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Interview: Producer/Musician Will Evankovich on Importance of Theory and How Guitarists Can Maximize Studio Time

Interview: Producer/Musician Will Evankovich on Importance of Theory and How Guitarists Can Maximize Studio Time

Will Evankovich’s resume is a 25-year musical encyclopedia encompassing his skills as a songwriter, producer, arranger, singer, performer and multi-instrumentalist.

Evankovich plays guitar, bass, mandolin and percussion and has enjoyed success with several recording and touring bands that he launched, including Mason Lane, The Stereo Flyers and most recently, American Drag.

From 2007 to 2009, he toured with Jack Blades and Tommy Shaw, rounding out the sound of their Shaw/Blades project. He was handpicked by Blades, who had seen American Drag perform and wanted Evankovich to join them on acoustic, 12-string, harmonica and background vocals.

This was Evankovich’s introduction to Shaw, and it launched the friendship and working relationship that led to his production of Shaw’s highly acclaimed bluegrass album, The Great Divide, which debuted at No. 2 on the Billboard Bluegrass Chart. He also produced Shaw’s tracks for Styx’ Regeneration Volumes I and II package.

Evankovich recently discussed how studying music theory was integral in his understanding of performance and recording, and offered some insight for guitarists about studio preparation and tracking.

When did music become a part of your life?

There were a couple of pivotal points when I was really young, 4 or 5 years old. I’d listen to the M.A.S.H. theme on television, grab the guitar and start figuring it out before I really knew how to play at all, so it seemed I had natural proclivities to picking out the notes in a song right away and quite easily. I knew at that point that this is what I was supposed to do. I loved music and it was a no-brainer for me, so I started playing guitar when I was 6, and I started taking instruction around 7 or 8.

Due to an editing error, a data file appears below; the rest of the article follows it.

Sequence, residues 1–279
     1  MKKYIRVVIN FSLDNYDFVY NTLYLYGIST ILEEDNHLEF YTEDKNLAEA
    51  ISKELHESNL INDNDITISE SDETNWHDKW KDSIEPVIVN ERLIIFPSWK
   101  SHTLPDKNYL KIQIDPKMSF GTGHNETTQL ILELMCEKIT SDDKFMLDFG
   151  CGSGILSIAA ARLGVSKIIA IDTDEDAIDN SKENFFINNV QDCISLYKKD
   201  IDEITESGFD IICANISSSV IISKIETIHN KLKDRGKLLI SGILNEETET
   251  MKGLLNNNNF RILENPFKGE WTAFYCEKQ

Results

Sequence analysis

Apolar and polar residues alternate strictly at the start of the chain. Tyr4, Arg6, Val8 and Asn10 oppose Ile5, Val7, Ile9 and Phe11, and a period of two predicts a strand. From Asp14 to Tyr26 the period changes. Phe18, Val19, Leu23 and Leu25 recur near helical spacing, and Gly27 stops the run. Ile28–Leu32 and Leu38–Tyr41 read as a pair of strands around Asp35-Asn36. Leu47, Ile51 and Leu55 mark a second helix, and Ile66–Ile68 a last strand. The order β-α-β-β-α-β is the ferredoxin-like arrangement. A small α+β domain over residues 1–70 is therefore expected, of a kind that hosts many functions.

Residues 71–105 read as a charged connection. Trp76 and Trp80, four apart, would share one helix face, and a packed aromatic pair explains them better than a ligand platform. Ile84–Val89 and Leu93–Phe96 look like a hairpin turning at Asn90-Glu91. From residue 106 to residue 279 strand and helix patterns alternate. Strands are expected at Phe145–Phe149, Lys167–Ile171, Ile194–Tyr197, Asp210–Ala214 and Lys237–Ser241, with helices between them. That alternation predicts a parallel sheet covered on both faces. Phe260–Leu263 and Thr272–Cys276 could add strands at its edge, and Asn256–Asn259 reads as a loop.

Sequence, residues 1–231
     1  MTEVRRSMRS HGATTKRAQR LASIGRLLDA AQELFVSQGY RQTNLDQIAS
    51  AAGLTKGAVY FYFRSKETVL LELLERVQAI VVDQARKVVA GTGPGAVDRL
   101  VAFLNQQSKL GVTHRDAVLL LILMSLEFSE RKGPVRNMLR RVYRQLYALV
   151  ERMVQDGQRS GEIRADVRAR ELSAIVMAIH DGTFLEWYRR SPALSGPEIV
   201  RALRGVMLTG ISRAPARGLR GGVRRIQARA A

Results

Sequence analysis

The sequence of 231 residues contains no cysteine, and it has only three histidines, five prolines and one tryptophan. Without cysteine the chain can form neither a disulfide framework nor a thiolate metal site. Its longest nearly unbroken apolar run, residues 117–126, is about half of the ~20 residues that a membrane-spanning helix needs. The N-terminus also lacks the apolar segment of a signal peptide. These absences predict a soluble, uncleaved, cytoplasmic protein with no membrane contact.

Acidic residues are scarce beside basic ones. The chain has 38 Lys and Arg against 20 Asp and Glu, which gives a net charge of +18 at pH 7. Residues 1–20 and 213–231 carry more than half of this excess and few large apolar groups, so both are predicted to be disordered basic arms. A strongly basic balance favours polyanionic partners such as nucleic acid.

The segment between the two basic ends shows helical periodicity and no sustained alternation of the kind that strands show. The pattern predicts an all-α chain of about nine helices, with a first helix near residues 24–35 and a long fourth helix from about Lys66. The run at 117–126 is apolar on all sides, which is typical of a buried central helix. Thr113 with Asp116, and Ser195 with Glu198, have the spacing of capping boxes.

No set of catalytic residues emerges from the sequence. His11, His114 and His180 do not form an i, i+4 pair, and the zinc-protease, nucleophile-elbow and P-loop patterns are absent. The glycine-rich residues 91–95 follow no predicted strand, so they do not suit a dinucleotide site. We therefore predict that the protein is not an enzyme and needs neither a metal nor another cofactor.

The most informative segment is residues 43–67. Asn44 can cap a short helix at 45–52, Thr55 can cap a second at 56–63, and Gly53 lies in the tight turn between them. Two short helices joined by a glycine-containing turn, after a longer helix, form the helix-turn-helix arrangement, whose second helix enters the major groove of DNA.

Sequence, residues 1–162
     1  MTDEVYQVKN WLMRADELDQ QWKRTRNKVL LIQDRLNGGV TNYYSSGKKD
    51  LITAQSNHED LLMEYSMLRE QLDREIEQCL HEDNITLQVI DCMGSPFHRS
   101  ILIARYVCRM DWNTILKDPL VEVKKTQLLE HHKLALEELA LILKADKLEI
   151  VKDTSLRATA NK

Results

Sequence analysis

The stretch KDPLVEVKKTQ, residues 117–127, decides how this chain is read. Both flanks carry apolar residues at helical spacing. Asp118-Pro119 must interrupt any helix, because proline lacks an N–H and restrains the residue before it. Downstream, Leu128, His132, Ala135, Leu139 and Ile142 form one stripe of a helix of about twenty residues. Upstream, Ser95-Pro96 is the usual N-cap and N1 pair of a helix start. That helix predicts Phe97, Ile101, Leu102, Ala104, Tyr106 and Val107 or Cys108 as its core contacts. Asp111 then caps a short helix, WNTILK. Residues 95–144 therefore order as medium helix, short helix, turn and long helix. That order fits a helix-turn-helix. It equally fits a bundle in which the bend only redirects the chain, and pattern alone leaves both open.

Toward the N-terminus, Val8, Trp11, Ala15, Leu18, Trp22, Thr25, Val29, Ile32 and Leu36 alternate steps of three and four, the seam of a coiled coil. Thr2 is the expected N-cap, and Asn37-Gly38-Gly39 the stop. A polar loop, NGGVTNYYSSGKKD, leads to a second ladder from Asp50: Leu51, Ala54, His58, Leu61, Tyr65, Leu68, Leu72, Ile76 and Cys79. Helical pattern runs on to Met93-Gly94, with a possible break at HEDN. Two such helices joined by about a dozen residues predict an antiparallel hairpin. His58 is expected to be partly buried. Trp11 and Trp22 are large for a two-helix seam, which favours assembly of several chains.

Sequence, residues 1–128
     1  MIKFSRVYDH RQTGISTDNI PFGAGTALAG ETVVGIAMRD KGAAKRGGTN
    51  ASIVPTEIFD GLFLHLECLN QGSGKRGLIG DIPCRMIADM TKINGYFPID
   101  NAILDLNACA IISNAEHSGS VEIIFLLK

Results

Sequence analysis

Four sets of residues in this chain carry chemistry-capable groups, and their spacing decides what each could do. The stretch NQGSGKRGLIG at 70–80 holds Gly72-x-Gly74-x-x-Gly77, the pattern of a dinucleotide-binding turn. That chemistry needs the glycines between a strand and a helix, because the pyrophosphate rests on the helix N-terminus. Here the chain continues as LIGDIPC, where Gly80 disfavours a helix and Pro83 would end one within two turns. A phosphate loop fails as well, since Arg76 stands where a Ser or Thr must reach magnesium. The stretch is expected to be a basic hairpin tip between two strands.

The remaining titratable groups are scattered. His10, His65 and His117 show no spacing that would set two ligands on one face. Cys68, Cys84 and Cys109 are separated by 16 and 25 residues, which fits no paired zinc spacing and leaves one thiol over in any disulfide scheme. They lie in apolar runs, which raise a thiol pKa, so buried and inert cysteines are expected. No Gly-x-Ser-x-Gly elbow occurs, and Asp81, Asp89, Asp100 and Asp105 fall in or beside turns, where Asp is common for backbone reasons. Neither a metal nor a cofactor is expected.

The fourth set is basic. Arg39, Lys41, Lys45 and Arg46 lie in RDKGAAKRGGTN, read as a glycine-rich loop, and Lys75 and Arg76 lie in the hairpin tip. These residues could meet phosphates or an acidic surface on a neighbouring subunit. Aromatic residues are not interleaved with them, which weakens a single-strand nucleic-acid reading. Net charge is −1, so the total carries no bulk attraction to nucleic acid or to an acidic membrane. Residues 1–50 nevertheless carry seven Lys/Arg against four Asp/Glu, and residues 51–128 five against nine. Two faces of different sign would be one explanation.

What types of music interested you?

My father was really into music and he was in some doo-wop-style groups in the early ’60s. He would play Cat Stevens, Stevie Wonder, Chicago and all these great songs from the early ’70s. He was a big part of my first musical influences. When my parents went to work, they took me to a nanny who would play Beethoven and Mozart when we would go to sleep in the afternoon. Everybody else was knocked out in the first five minutes, but I loved it so much that I would sit there and listen for the duration of the nap period. I think it was a combination of these people influencing me with whatever they were listening to at the time. My older brother listened to hard rock stuff, and he introduced me to Styx and Led Zeppelin and those sorts of things.

When did you discover production and arrangements?

I had always been fascinated with the structure of the songs, and I’d always see words like “Jimmy Page produced the Led Zeppelin records.” A lot of people don’t get what that means. I equate it, in layman’s terms, to you’re the director of the film. You kind of oversee all processes of the songs from the very beginning to post-production. Orchestration and arrangement is something that I started learning more and more about as I got deeper into music and started paying attention, listening not just to the guitar parts, but also the bass and drums and the arrangements of all the instruments. I listened further and got into the art and construction of the songs. The Beatles, of course, were probably the most influential in my early teens.

I began to understand what production was about, listening to all the Beatles' records and going through a phase that drove my mother crazy. That’s when I started to recognize the value of production, with George Martin and string arrangements — this “fifth Beatle” sure did an awful lot! When I was young, I could never figure out why he wasn’t a part of the band. Never mind the fact that he was in his 40s or 50s! Jack Blades, whom I work with a lot, of course everyone’s a giant Beatles fan, but his studio is just littered with Beatles paraphernalia. He got to work with Ringo Starr at one point, so he lived out one of his dreams. I think we all secretly wish that one day we’ll be able to meet a Beatle, and it’s hard to believe that two of them are gone. George was my favorite, and he’s probably the most unsung hero. “Something,” in my opinion, is one of the best Beatles songs; it’s just such a beautiful song. We could talk about the Beatles for hours.

You also studied theory. How did that help hone your skills?